His disability also made him an early proponent of CAD (Computer Aided Design). "I found it beneficial to work on the computer using CAD. At that time, there were no computers in the studios and some professors were still resisting computer design, but others had 'smelled the coffee' and were waking up." It was more comfortable for him to work in the accessible computer labs than to lean for long hours over the drafting tables. Scott thinks integrating CAD into all studios would be an efficient and effective way of enhancing the accessibility of studio education.
Right after receiving his B. Arch. in May 1992, Scott started working for the University of Idaho's facilities department. He surveyed buildings, wrote reports, reviewed floor plans, consulted on new construction projects, and produced an ADA self-evaluation for the campus. He continued working there for almost three years while he pursued his master's degree.
Scott did not begin to focus on accessibility as an architectural specialty until he began his master's program. There were not any structured courses on accessibility or universal design at the university, but he was able to create his own program. A few professors invited Scott to help introduce the topics to undergraduates. He worked with an interior design instructor to put together a course, "just for the interiors department." Scott's major professor invited him to assist with integrating universal design in some undergraduate studios, and he was a teaching assistant in sophomore studios. He was also invited to teach an AutoCAD course.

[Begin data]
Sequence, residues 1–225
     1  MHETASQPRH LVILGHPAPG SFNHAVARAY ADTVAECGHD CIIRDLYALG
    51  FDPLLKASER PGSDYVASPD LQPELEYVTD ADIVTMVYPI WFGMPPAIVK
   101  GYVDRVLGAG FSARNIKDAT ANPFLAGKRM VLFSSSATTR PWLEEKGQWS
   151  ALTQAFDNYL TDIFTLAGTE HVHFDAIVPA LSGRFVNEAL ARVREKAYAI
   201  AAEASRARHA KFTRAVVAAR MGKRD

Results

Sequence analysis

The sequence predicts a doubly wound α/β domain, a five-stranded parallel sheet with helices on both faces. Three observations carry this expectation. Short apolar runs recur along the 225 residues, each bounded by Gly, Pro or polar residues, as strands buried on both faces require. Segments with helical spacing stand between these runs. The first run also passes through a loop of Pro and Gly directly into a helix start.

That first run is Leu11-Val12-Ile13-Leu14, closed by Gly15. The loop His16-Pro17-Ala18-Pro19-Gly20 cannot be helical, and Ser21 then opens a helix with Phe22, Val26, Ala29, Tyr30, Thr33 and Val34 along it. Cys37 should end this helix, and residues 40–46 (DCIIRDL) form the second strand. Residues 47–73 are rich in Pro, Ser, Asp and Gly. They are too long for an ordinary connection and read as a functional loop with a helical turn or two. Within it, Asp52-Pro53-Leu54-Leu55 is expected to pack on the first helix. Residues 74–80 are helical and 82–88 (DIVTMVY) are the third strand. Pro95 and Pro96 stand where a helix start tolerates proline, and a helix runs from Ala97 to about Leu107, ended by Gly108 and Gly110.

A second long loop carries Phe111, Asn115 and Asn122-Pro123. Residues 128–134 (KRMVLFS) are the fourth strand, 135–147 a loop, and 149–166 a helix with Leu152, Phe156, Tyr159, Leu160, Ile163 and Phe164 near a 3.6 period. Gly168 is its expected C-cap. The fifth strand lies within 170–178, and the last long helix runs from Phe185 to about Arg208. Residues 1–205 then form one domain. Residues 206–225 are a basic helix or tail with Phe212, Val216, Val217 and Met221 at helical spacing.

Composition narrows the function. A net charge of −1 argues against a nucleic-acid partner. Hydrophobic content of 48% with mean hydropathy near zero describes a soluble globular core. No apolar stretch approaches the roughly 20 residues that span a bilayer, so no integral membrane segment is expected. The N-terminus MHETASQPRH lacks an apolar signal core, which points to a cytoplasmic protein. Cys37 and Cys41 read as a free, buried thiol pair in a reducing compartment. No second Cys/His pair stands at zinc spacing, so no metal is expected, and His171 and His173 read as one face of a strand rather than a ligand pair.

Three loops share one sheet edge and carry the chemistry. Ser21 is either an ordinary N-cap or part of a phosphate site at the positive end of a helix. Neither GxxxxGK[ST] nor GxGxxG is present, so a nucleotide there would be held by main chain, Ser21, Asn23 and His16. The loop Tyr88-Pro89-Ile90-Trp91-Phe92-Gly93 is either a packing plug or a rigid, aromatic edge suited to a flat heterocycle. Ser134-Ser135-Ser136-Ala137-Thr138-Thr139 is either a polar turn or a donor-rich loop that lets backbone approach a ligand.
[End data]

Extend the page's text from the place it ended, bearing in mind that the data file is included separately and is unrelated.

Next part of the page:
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By the mid-nineties, Scott had decided that he wanted to work for Ron Mace at the Center for Universal Design at North Carolina State, in Raleigh. It took him a year of patient perseverance until the center was ready to have a full-time intern, and in 1995 he began a two-year stint as intern architect at the center. He provided technical assistance through the center's toll-free phone line on the Fair Housing Amendments Act of 1988, conducted plan reviews, supervised students, and produced architectural drawings. When the position at the Access Board, which required many of the same skills, opened up, Scott made the move to Washington.
He attributes some of his career satisfaction to mentoring. "I'm happy doing this work. Mentoring made a difference for me. I absolutely would do that for someone else." He believes that mentors who can offer help and advice are essential, disabled or not. He points to three in his own career: Ron Bevans, his major professor at the University of Idaho; Ray Pankopf, his first boss at the facilities design department, ("He was an awesome guy; he taught me a lot about design"); and Ron Mace.
"Now it's a very absorbing time with my young family. I have a loving wife, Susan, and two beautiful daughters: Sarah, who is three years old, and Hannah, who is six months old. You can probably guess where most of my spare time goes, although I am also a fan of auto racing."